CONCORD — After writing and recording 20 albums of her own songs, Ani DiFranco was up for a new challenge.
A political activist, feminist icon and DIY music trailblazer, DiFranco had plenty of material for her latest project — a memoir.
After releasing her 20th album, “Binary,” just over a year ago, DiFranco set out to complete the book, which is due out in the first half of 2019.
“It’s kind of an idea that’s been floating around for a long time — sort of part memoir, part handbook on how to be an independent musician. Now, there are a bunch of people who know more than me in this world about how to do that. It became more personal. After 30 years of writing songs and hundreds of songs, I was looking for a creative challenge, and I got mine.”
Although the book will be less of a how-to guide, DiFranco started her career as a one-woman wrecking crew, and laid the groundwork for thousands of contemporary artists who have taken control of their destinies.
She started her own label, Righteous Babe Records, when she was just 19, and continued to find unique ways to advance her career and the careers of other independent artists for the next 25-plus years.
“I was the canary in the coal mine,” she said. “The indentured servitude system in the music industry is done. I provided inspiration for people in the direction the culture needed to move. Artists need to be masters and mistresses of their own destiny, of their own art. There are a lot of young people that know a lot ... That was a completely different music industry and country, and I did it in a very old-fashioned way. There are so many more possibilities now on how to have a career in music.”
With “Binary,” DiFranco reverted to her more ferocious style of confronting social issues after taking a more introverted path to completing “Allergic to Water” in 2014.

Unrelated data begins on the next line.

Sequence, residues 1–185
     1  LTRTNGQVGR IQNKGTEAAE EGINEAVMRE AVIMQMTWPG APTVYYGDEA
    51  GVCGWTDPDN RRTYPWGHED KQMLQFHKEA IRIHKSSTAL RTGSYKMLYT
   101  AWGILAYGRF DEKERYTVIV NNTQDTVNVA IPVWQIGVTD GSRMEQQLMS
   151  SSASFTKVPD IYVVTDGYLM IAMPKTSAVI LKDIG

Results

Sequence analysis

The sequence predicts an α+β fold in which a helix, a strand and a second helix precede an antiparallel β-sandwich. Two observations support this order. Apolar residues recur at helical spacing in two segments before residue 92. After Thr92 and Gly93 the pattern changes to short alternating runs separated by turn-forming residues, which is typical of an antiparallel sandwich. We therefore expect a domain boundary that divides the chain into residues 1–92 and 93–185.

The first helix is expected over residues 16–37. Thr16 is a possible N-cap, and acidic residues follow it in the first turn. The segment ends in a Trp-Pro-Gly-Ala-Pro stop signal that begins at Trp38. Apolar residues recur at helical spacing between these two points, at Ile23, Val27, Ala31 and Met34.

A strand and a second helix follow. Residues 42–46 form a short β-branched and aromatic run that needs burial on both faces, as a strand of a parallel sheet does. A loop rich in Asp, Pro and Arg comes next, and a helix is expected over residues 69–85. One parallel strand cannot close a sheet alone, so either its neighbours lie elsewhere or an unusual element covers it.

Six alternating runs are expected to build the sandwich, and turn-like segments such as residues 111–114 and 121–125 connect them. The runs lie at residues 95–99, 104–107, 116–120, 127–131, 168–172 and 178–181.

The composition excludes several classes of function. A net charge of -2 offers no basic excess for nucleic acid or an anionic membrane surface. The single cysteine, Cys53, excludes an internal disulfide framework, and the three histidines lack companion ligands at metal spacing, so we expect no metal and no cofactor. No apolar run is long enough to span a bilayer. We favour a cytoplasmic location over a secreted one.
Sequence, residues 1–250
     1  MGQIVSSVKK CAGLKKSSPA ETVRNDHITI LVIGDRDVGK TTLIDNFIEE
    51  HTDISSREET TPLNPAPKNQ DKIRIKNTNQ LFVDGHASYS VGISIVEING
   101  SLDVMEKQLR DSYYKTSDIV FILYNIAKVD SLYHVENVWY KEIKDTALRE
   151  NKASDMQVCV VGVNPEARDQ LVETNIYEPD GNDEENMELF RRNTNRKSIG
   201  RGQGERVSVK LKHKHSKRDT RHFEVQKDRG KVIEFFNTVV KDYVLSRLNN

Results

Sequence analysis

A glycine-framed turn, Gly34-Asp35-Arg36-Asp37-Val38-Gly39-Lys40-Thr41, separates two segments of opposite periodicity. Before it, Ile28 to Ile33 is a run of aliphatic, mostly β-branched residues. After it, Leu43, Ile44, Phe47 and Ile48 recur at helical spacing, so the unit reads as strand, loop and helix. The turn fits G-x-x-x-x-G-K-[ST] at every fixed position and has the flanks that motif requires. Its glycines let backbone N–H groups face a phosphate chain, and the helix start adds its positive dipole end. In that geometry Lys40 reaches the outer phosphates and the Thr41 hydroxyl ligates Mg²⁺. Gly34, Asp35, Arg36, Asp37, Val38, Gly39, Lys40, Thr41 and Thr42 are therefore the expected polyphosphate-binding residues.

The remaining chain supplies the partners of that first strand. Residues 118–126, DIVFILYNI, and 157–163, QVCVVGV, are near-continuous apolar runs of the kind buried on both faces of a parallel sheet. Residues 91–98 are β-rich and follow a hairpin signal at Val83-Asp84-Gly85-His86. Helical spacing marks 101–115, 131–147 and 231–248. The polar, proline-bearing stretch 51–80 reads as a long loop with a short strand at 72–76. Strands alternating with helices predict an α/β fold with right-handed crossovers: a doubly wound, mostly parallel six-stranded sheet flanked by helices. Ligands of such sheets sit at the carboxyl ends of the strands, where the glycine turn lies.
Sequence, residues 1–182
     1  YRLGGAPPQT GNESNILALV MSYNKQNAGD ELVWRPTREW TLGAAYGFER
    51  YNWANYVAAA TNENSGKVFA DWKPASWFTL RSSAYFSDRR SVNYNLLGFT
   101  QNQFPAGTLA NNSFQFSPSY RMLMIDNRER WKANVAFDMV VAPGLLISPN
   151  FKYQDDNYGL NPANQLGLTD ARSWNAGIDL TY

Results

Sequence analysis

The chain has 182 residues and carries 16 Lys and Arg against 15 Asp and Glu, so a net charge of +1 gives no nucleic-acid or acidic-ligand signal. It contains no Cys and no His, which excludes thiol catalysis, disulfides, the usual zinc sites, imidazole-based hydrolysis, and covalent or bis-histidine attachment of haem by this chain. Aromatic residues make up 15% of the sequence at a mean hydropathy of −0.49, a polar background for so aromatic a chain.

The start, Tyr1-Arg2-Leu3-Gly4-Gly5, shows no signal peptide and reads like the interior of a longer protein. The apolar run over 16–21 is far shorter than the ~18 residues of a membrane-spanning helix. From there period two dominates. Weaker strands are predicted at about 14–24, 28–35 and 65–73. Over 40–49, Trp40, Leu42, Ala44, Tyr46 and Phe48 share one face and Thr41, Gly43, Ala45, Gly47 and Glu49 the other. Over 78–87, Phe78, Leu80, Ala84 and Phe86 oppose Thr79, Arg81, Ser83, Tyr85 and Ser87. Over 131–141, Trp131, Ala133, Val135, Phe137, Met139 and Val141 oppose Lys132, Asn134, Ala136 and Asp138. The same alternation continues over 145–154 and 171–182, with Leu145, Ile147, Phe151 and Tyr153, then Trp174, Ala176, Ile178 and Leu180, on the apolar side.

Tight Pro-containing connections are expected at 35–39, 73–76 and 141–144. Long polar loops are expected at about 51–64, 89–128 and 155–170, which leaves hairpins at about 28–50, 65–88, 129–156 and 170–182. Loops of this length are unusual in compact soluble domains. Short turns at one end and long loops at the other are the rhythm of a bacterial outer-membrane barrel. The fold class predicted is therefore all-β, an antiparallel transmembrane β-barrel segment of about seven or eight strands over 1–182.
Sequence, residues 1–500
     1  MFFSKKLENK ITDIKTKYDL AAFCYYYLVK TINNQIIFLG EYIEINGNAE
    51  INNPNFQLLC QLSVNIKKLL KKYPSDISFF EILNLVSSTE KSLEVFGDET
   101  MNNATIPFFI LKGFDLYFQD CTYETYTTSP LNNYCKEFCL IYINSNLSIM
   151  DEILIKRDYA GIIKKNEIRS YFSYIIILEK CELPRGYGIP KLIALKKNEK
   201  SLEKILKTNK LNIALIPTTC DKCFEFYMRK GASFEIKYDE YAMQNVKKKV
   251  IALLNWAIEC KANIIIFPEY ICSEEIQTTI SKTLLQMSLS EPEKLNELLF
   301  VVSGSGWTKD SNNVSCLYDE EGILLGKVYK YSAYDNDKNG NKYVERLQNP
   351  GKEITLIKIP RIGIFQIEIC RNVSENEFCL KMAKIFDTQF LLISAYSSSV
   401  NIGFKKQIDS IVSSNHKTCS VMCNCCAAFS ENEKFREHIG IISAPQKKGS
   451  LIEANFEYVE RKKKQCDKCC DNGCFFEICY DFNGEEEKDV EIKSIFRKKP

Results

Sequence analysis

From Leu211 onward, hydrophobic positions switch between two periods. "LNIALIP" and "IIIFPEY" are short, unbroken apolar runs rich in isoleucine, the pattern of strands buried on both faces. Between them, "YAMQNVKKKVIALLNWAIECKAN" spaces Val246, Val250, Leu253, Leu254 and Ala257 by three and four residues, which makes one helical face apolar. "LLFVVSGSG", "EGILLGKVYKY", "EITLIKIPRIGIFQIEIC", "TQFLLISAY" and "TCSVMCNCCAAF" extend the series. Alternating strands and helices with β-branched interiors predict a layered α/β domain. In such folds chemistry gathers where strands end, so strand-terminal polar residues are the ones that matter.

“I’m not trying to prove anything to myself,” DiFranco said. “I’m just writing to my spleen. The record that came out before that one, I had a new baby in my arms. I had a lot going on in my personal life, and that’s what I’m writing about. I had time and energy to dedicate to something, once I got through that slog (the whirlwind of having an infant) I was back on my horse.”
DiFranco enlisted the help of a number of local friends from her home in New Orleans to play on the album, as well as Justin Vernon, who sang on one of the tracks.
“New Orleans has very deep and very wide musical traditions,” she said. “Now I’m rubbing up against every day. With all these incredible musicians, I can make local calls and get a bunch of (formidable players) in the studio. The city itself, the soul of it, the vibe of it — it just gets in you.”
DiFranco, who has been an activist of liberal causes for decades, will head to Babefest later this month. The festival, which was founded in 2016 and benefits Emily’s List, promotes community and activism and is curated by DiFranco.
“It’s so, so, so inspiring, so helpful,” she said. “These people and especially women that are coming out of every corner of this country and running for office. I’ve been someone who has been a proponent of voting for decades. It’s been one of my strongest convictions. We have the power and just have to use it.”
Her tour, the “Rise Up” tour, is aimed at motivating change and getting people out to vote. In recent years, DiFranco has found herself with many more brothers and sisters in arms with political and social activism.
“People are being jolted into action,” DiFranco said. “I feel a lot less like a voice in the wilderness than I ever have. I’ve been pretty outspoken and politically active. I feel like just the general tolerance level for political discourse and trying to be accountable for talking and grappling with things is up. I find that really encouraging.”